WAY BACK before 9/11 — it seems so long ago now — Garrett Eaton joined the Marine Corps.
By 2002, with the U.S. at war in Afghanistan, he served a tour of duty there in a forward air control squadron.
And like so many veterans of our era, he came back a changed man – broken, even.
“I came back with PTSD that I tried to fix with alcohol and drugs,” Eaton tells us. “Some opioids, but I found out the anti-psychotic meds were really the bad thing. But mostly I was an alcoholic.”
Eaton is the subject of Return from Desolation, a short film screening as part of this weekend’s Mountainfilm On Tour Savanah event, held this Thursday at Service Brewing Co.
The film focuses on Eaton’s recovery, and on his work as a river guide helping veterans recover from war by the simple act of whitewater rafting in the mountain West, through the Desolation Canyon area of Utah’s Green River.
Eaton explains the day his recovery began.
“I was back from Afghanistan and wanted to take my oldest daughter, who was seven at the time, on a rafting trip. My wife was like, ‘Well, you’re going sober. You’re not taking her down the river with a bunch of your drinking buddies,’” he recalls.
“And that was my first sober trip down the river. I don’t know if you’d necessarily call it an epiphany, but that was the moment I always look back on as when things began to change for the better.”
These days, Eaton works with the group OARS and the Sierra Club to take about four long rafting trips a year in Utah, dedicated solely to veterans. Usually in parties of about 25, spread across a half dozen rafts, the expeditions focus on purely on the experience out in the wild.
No other form of therapy is attempted, or needed, during the trips, Eaton says.
“We’ve found what works best is just the river stuff,” he says. “It’s incredible to see a guy who’s spent the last three years of his life in a basement hooked on opioids go down a Class III rapid and then start crying his eyes out.”
Eaton says the level of PTSD experienced “depends on what each guy went through, but even just being in theatre can be enough to get PTSD,” he says.
“We got it just being camped out in the mountains for a long time, doing forward air control. But I’ve talked to a lot of the guys who fought at Fallujah, and a lot of them are just barely getting by.”
Now 38 years old and a father of four, Eaton is a senior member of what’s now a multi-generational cohort with combat experience in Afghanistan and Iraq.
“I fought in Afghanistan when I was 22. I cut short my tour to come back for my daughter’s birth. She’s now a junior in high school, and the same war’s still going on.”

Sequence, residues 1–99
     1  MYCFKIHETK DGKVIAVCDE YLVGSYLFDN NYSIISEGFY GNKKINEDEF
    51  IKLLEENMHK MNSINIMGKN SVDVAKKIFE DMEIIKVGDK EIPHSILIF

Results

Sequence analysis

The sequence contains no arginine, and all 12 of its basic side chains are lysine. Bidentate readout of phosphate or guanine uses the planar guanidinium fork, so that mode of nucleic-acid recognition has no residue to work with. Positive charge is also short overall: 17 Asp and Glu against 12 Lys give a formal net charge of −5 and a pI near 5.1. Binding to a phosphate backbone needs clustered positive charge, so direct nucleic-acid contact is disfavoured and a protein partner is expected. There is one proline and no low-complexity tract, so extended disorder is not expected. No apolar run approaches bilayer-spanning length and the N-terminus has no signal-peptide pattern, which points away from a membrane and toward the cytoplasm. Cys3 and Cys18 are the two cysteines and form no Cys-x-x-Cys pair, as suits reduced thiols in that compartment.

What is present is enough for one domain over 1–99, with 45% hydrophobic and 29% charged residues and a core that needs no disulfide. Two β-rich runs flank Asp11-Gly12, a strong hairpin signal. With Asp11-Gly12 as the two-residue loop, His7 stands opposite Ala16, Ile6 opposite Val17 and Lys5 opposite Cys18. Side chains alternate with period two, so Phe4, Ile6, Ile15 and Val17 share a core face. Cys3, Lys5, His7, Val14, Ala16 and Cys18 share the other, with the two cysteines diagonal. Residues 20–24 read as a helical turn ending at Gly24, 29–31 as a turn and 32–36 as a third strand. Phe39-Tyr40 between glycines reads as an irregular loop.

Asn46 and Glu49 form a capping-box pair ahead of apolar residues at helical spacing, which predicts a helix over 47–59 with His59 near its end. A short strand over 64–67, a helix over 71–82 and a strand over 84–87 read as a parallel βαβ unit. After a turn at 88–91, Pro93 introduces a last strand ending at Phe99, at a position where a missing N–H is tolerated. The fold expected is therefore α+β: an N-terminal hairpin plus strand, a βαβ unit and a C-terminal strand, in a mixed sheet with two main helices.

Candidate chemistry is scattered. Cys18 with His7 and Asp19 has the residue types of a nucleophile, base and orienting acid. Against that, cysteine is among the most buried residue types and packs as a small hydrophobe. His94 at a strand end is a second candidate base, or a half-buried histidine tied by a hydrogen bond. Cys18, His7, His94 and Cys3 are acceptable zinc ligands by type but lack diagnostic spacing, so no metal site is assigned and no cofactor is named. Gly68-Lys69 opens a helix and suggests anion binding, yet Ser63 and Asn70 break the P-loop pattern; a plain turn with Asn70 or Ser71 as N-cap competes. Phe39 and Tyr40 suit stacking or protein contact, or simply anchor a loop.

Eaton says the unending and vague nature of America’s Middle East wars makes it “hard to find the good in it. And that messes with how you process it.”
World War II veterans, Eaton says, “came back with a ton of PTSD themselves, but they also came back with a sense of victory, that it had all been for a good cause. They had V-E Day and V-J Day to mark the fact that it wasn’t all for nothing.”
The evening also features two other documentaries. Fear Us Women is about Hanna Bohman, a Canadian woman who went to Syria to fight Isis as a volunteer soldier with YPJ, an all female Kurdish army. Adventure Not War is about Iraq War veteran and PTSD sufferer Stacy Bare’s return to Iraq to make a ski movie.
Return from Desolation also focuses on Eaton’s unusual double life as a man working the North Dakota oil fields while at the same time spreading a message of environmental conservation.
“I began working on oil rigs when I was 17. That’s what you did, living in that type of small town,” he says. “I joined the Marines, back before 9/11, mostly to get out of town. Then when I came back, I basically went back to the same job, and began working my way up the ladder.”
What is the reaction like when people find out what he does for a living?
“That depends on where I’m at, where we’re showing the film. In some places, they’re like, what? If someone is super environmentally conscious, I’ll explain that the oil companies aren’t really trying to murder the environment. Almost everything that we use is based somehow on petroleum products. Until something else comes along, whis is what we have,” he says.
“It opens a dialogue, which is really important in a time when each side basically thinks the other side is totally evil,” he says. “When we’re all pretty much the same.”